“It really comes from, I think, lay people saying to the pastor, ‘What do you think about this?’ and then pastors having the ability to say, ‘Yes, absolutely do it,’” Lee said. “Go have a conversation with your pastor, and if they’re worried about it, have them call me.”

Nisbet said veterans sometimes have difficulty when making the transition back to civilian life without adequate help, but churches can help by having a system in place to track them and ask whether they need help as well as keeping a prayer list.

“The ones that don’t have the support tend to end up on the street or having mental problems,” he said. “PTSD can completely overwhelm someone. Some people manage it, but many people do not.”

Portman said it’s important to figure out who the veterans are in your congregation, obtain contact information and create a distribution list. Another step is to “reach out to some of your local veterans service organizations, the American Legion, the Veterans of Foreign Wars,” and to inquire about unmet needs.

McClinton said it’s essential to get connected with the Department of Veterans Affairs to learn about programs and services that are offered and to learn about different aspects of working with veterans and their families. “A lot of individuals, we have good hearts and we want to do great work and do great things. But we still have to know how to handle veterans and their families,” she said. After serving in the military, the returning veteran “is not the same person that’s coming back to your home. They’re going to be changed,” and so it’s necessary to learn how to connect with them.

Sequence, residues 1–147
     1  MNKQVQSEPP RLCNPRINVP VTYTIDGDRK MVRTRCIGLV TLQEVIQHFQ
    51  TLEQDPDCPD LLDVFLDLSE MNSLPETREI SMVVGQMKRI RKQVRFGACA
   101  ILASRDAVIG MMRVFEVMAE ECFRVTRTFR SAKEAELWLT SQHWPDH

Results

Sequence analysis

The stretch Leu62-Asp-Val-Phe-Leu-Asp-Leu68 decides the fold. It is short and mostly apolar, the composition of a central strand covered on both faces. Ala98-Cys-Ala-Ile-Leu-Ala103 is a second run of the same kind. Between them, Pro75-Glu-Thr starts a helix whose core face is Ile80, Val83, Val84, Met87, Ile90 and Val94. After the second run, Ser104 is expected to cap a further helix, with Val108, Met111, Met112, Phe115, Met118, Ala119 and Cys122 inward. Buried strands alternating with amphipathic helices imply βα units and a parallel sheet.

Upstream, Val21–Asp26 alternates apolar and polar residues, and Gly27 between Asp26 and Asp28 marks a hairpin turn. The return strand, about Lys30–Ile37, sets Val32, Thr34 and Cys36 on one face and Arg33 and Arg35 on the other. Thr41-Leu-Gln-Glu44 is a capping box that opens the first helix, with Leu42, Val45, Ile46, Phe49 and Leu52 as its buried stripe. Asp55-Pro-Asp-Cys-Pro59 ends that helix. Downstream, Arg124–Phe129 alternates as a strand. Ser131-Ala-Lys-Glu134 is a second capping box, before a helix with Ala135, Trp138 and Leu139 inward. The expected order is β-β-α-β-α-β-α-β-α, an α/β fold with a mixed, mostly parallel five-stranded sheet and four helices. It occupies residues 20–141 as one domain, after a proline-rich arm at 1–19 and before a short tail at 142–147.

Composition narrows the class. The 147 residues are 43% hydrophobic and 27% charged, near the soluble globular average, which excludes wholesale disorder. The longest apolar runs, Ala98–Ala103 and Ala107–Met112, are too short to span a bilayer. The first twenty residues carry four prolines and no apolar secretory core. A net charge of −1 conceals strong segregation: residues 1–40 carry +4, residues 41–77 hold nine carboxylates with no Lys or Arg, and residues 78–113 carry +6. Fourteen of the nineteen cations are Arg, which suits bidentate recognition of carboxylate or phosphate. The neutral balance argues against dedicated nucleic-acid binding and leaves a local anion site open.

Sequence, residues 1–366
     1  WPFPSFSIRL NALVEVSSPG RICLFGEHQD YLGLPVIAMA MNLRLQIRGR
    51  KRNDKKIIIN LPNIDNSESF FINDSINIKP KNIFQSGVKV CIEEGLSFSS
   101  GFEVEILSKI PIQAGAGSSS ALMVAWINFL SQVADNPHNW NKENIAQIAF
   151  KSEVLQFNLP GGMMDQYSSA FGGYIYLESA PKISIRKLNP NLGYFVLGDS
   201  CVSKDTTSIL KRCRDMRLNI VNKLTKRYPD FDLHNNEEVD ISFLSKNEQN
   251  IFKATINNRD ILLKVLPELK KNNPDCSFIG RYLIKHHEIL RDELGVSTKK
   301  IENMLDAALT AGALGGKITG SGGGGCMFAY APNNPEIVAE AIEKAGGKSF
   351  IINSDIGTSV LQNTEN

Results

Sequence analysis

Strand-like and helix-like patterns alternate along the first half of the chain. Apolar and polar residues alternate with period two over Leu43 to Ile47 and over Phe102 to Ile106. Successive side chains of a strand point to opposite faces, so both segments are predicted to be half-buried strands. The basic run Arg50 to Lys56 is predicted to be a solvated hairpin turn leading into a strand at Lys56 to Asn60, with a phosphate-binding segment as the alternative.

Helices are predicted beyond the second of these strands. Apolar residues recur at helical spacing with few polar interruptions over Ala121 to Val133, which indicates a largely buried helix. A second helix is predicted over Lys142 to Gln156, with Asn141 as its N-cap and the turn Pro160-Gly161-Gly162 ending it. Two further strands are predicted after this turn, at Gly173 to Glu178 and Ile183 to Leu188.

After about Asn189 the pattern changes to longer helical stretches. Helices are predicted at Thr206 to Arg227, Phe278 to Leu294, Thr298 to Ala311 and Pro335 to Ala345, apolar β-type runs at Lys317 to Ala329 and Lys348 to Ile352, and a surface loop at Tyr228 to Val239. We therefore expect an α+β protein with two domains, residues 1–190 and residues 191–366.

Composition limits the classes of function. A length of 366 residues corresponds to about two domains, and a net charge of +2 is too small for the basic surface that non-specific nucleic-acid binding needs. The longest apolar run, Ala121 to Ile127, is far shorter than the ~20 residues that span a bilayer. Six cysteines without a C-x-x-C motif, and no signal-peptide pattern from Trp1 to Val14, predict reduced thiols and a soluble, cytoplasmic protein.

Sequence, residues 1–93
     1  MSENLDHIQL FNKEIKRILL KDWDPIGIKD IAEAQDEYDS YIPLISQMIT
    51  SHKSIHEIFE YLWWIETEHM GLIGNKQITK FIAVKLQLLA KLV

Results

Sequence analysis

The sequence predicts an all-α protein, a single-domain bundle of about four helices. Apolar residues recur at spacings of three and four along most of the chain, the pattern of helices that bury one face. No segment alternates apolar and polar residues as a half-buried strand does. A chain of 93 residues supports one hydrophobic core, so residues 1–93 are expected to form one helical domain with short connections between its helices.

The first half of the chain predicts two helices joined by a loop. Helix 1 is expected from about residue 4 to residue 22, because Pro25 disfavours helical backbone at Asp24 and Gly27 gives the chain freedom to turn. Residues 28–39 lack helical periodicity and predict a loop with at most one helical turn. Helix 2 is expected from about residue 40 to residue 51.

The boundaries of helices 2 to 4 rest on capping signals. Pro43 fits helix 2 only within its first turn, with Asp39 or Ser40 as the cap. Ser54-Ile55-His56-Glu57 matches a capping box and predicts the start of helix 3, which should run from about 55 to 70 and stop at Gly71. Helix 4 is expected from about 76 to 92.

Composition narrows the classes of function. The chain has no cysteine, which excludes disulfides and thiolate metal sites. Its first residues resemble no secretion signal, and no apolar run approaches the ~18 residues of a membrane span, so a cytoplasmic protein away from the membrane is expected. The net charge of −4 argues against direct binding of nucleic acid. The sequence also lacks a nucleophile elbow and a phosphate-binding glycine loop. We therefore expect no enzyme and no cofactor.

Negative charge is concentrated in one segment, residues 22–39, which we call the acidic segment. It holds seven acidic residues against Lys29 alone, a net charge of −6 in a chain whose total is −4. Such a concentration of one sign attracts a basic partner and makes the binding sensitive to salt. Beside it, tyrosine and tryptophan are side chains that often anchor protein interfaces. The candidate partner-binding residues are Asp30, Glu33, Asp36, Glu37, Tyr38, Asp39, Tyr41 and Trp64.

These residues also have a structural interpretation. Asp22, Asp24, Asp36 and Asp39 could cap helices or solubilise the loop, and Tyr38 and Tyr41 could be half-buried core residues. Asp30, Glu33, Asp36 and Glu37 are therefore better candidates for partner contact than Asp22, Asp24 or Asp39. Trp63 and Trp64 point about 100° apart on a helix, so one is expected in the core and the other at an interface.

McClinton shared a bit of her history to give viewers some perspective. After the military, “I came home and wound up homeless with three children under the age of five after serving 10 years in the United States Army,” she said. “The only thing I was able to do is access unemployment. I couldn’t go to the hospital because the hospital didn’t care for my children. I couldn’t go to other services because they didn’t take care of the children, and I was a single parent at the time.”

She found solace at a church that had established a “safe place for veterans to speak and talk and share.” It also addressed her spiritual needs and put her in touch with her current organization, Black Veterans for Social Justice.

Panelist Shawn Duncan, a veteran with an SDOP-supported project called Caridad Gardens in Las Vegas, said connecting veterans with pre-existing services or groups is valuable since “we can find ourselves in different situations and just not know about different projects or resources that already exist.”

Even just having a place for veterans to interact with each other can be beneficial because it gives them a chance to open up, various panelists said.

“When I tell persons, ‘I served in the military. I was a chaplain,’ they can enter into conversations with me that they don’t sometimes (have) with their families,” Nisbet said. “Veterans go one-on-one.”

To learn more about “The Struggle is Real series,” go here: